By Helen Briggs
BBC News science reporter
An international team is monitoring two million years of rock history
The largest tear in the Earth's crust seen in decades, if not centuries, could carve out a new ocean in Africa, according to satellite data.
Geologists say a crack that opened up last year may eventually reach the Red Sea, isolating much of Ethiopia and Eritrea from the rest of Africa.
The 60km-long rift was initially sparked by an earthquake in September.
Follow-up observations reported in the journal Nature suggest the split is growing at an unprecedented rate.
It betrays events deep beneath the ground, where some of the tectonic plates that form Africa are gradually moving apart from the Arabian plate, causing the crust to stretch and thin.
As rifts appear, molten rock bubbles up from beneath the surface, hardening to form a new strip of ocean floor.
Dr Tim Wright from the University of Oxford, UK, said if the ripping of the crust continued, the horn of Africa would eventually split off from the rest of the continent, in about a million years.
"We think if these processes continue, a new ocean will eventually form," he told the BBC News website. "It will connect to the Red Sea and the ocean will flow in."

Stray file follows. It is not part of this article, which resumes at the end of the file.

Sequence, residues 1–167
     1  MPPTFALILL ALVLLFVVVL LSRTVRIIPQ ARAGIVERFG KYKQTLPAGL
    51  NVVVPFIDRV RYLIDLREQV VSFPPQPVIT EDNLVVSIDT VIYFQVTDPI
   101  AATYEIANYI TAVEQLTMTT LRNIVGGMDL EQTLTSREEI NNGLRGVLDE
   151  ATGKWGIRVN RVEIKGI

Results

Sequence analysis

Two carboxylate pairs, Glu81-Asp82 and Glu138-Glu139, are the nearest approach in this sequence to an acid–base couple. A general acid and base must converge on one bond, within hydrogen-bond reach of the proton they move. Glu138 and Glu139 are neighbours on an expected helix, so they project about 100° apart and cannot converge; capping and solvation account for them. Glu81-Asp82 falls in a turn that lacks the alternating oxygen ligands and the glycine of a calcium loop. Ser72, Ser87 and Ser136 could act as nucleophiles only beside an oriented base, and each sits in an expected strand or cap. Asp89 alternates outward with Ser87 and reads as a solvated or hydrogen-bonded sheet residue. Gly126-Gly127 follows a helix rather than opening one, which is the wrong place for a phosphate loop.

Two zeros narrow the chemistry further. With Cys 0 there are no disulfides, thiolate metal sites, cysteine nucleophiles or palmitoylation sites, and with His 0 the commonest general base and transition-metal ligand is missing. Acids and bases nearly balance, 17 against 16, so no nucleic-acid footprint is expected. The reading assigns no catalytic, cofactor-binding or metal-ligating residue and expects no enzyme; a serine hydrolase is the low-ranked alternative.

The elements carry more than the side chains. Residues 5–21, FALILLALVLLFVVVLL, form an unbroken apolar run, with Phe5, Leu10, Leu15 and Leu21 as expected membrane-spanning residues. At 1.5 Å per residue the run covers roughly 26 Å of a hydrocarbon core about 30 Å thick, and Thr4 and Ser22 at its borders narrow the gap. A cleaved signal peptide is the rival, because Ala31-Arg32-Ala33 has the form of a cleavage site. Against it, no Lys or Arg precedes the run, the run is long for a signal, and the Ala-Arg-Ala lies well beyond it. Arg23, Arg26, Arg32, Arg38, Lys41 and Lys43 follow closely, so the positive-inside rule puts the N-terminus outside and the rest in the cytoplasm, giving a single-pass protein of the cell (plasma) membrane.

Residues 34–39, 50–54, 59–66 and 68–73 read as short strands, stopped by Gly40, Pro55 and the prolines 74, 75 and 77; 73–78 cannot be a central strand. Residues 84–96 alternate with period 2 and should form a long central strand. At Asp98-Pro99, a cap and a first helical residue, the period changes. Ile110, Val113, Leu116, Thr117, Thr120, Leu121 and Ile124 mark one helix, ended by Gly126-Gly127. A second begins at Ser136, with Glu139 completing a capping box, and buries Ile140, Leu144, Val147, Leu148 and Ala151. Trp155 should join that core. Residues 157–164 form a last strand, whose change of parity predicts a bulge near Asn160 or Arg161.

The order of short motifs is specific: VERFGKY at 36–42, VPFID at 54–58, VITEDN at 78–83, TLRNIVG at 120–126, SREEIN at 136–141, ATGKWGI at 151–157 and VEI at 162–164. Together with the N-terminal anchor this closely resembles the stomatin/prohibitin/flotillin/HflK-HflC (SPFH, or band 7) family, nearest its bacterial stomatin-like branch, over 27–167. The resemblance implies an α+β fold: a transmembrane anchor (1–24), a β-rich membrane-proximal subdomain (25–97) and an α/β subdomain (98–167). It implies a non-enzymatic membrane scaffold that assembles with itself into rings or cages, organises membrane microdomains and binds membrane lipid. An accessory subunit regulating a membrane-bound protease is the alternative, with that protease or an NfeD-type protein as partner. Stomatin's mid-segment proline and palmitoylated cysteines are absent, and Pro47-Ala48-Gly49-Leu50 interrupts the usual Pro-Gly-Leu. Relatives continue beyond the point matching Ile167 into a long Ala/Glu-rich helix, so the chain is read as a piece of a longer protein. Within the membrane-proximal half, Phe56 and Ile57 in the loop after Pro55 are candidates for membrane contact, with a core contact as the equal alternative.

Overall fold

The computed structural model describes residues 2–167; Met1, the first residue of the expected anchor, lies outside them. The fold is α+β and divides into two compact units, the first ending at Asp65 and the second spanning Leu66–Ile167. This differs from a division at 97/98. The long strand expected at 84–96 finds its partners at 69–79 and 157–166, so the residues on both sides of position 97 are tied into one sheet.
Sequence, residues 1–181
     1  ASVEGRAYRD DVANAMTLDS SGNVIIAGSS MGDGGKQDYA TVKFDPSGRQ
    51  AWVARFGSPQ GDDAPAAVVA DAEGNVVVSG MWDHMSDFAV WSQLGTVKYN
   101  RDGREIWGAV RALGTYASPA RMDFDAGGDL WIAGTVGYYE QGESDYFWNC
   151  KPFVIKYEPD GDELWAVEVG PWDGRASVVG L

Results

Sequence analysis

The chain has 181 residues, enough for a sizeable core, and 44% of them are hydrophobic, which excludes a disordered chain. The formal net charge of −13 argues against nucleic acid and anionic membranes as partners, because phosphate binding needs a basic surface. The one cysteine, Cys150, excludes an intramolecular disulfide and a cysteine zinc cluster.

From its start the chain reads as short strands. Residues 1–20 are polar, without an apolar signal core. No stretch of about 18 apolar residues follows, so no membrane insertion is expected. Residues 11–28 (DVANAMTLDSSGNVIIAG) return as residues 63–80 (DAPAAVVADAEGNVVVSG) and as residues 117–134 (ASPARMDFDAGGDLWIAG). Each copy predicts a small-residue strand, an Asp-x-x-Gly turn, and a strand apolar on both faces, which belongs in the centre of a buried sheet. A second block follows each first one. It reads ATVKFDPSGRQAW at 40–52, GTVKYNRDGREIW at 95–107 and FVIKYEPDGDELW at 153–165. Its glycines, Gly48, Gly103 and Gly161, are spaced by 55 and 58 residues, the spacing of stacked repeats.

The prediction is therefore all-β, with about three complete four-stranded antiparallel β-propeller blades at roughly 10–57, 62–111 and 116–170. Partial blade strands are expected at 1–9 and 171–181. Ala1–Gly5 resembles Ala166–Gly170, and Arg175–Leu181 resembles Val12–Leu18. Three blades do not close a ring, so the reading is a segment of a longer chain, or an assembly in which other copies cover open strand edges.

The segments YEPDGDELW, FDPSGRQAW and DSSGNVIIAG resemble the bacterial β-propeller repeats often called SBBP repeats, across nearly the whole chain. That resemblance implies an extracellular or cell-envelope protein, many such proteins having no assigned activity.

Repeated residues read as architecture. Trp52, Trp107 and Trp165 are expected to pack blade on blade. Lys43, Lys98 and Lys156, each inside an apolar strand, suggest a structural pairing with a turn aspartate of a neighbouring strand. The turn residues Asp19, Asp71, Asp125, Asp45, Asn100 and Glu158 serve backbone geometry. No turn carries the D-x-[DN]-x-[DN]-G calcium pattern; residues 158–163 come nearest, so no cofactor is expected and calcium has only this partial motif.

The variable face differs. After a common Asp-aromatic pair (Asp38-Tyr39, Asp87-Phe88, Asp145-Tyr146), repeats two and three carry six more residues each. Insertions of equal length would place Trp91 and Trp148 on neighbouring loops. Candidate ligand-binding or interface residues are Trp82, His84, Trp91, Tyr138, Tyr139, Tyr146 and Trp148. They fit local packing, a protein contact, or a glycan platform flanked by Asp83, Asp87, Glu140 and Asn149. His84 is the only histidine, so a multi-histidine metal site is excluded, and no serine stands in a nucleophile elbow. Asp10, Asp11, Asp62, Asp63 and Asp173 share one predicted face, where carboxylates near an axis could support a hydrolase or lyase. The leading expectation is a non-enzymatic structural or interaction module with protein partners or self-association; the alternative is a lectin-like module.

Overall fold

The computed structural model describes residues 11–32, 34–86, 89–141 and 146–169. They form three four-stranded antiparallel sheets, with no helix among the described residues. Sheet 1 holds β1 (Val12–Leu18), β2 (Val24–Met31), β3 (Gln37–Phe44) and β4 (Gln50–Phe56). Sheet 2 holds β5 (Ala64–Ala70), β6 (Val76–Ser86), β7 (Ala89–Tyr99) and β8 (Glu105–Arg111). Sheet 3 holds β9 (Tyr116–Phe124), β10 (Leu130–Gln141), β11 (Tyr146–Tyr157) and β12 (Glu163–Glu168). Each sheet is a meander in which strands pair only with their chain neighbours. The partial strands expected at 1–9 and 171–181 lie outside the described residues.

Dr Wright is a member of a team from the UK and Ethiopia that has been monitoring the creation of the new ocean basin; a rare event on dry land.
They used sensitive seismic instruments, field measurements and satellite images from the European Space Agency's Envisat spacecraft to study what is happening beneath the ground.
"We've been able to work up all the satellite data and get a very precise map," said Dr Wright.
"It's the biggest rifting episode at least since the 1970s and possibly in hundreds of years.
"It's the first time we've been able to use satellite images to investigate the fundamental processes behind rifting."
The shift in the Earth's plates is generally a very slow process occurring over millions of years - but every now and again earthquakes and volcanic eruptions herald sudden break-ups.
One such event took place in September last year, opening up a 60km-long (37 mile) stretch of a fault-line that runs from Ethiopia to the southern edge of the Red Sea.
"It's amazing," said Cindy Ebinger, from Royal Holloway, University of London.
"It's the first large event we have seen like this in a rift zone since the advent of some of the space-based techniques we're now using.
"These techniques give us a resolution and a detail to see what's really going on and how the Earth processes work."
Scientists have calculated that 2.5 cubic km (0.6 cubic mile) of magma has flowed up through the crack in the Earth's crust.
It is enough to fill London's Wembley stadium 2,000 times or smother the area within the capital's M25 orbital motorway with molten rock to a depth of 1m (1 yard).